Community Action Grants
Applications for AAUW Community Action Grants are open August 1–January 15Learn more
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Community Action Grants provide funds to individuals, AAUW branches, and AAUW state organizations as well as local community-based nonprofit organizations for innovative programs or non-degree research projects that promote education and equality for women and girls.
Applicants must be women who are U.S. citizens or permanent residents. Nonprofit organizations must be based in the United States. Grant projects must have direct public impact, be nonpartisan, and take place within the United States or its territories.
Special consideration is given to projects focused on K–12 and community college girls’ and women’s achievements in science, technology, engineering, or math.
One-year grants provide funding for community-based projects. Topic areas are unrestricted, but should include a clearly defined activity that promotes education and equality for women and girls.
Two-year grants provide startup funds for new projects that address the particular needs of the community and develop girls’ sense of efficacy through leadership or advocacy opportunities. Topic areas are unrestricted, but should include a clearly defined activity that promotes education and equality for women and girls.
About the Grant
Since the inauguration of the Research and Projects Fund in 1972, AAUW has provided support to hundreds of communities around the United States to advance education and equality for women and girls. Early projects focused on public interest issues, including women’s struggles to balance home and work life, the establishment of women’s resource centers on college campuses, and the emergence of women’s political involvement in the antinuclear movement.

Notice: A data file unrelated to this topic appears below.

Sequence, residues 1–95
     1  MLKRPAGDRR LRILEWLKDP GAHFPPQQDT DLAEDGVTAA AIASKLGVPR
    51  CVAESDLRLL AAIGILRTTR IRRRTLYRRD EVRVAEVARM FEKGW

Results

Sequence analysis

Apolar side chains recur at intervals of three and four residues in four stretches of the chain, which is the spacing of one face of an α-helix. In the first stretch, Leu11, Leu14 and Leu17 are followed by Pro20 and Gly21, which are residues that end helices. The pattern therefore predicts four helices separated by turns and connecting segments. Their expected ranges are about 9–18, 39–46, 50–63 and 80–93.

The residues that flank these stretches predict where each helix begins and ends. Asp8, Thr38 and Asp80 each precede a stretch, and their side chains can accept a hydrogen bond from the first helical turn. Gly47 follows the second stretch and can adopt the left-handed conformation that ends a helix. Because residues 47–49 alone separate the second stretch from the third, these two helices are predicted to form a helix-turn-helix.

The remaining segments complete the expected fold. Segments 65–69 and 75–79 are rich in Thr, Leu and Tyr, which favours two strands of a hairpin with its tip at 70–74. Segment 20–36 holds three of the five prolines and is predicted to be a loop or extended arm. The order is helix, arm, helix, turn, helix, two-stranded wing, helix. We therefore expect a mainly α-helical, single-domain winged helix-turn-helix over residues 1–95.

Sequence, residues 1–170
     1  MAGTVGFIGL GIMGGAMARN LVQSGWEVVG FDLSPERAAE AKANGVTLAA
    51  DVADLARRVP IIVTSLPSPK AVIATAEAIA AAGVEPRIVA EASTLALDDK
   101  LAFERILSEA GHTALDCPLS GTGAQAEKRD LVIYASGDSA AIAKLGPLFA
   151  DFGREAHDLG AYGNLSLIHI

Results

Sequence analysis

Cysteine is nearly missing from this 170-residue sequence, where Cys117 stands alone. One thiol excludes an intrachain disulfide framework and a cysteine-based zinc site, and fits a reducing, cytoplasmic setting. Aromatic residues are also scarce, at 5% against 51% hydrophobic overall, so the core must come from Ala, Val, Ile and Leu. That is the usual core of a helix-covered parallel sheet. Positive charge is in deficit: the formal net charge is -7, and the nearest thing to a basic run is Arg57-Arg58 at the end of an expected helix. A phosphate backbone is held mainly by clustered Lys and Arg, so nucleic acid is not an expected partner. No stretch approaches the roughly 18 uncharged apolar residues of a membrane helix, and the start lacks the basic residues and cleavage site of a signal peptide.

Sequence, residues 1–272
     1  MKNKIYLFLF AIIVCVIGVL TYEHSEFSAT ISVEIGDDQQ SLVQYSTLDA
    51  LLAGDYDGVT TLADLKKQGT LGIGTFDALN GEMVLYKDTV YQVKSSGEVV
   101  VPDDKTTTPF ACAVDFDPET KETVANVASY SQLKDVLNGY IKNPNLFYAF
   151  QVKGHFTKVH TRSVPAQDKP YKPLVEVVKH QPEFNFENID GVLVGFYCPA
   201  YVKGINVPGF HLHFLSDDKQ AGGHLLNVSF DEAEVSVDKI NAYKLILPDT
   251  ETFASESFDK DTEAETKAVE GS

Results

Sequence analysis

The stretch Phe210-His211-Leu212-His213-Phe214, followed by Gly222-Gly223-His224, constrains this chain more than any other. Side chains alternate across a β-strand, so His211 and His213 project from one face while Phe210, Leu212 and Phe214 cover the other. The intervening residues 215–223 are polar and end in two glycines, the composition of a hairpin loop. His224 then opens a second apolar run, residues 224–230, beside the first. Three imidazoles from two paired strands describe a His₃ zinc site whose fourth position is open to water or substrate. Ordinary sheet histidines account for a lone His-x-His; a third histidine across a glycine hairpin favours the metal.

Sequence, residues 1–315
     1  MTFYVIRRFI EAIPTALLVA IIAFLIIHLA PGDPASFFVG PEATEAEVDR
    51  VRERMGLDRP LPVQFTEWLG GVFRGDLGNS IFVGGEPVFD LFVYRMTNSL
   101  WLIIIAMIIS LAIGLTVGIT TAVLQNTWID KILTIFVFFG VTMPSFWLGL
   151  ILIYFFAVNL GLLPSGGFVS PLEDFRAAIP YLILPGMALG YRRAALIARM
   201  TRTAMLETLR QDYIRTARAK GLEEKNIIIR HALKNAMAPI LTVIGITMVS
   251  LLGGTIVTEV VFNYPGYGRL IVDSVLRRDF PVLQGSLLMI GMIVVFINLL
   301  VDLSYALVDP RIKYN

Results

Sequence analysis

As the program evolved and grew, AAUW explored ways to strengthen support through community involvement. Projects have become increasingly collaborative and girl-focused, bringing together AAUW branches and local community groups.
ECO Girls (2012) seeks to foster environmental awareness, leadership, ecological literacy, cultural education, and self-confidence. The organization focuses specifically on reaching girls of color and girls in economically challenged areas of Southeast Michigan who have limited access to green spaces.
Camp GirlForward (2012) is an innovative summer education program for refugee girls ages 14–19. With a social justice-based curriculum, Camp GirlForward empowers girls to understand who they are, where they are from, and how they can make a difference in the world around them. The program includes research projects, presentations, journal writing, and reading, and weekly field trips around Chicago.
What began as the 2009 project Coach Like a Girl expanded into Coaching Corps, an organization that provides girls in low-income communities access to after-school sports programs and the benefits of team-based learning.
With this project, Jessica Jennrich (2008) created financial planning services for the specific needs of low-income women in Columbia, Missouri.
Hidden Herstory (2010) is a national educational networking tour that features a screening of the documentary Top-Secret Rosies: The Female Computers of WWII. Targeting universities, museums, and archives, the tour seeks to connect women professionals working in math, science, and computer technology with high school girls and college women interested in pursuing careers in these fields.
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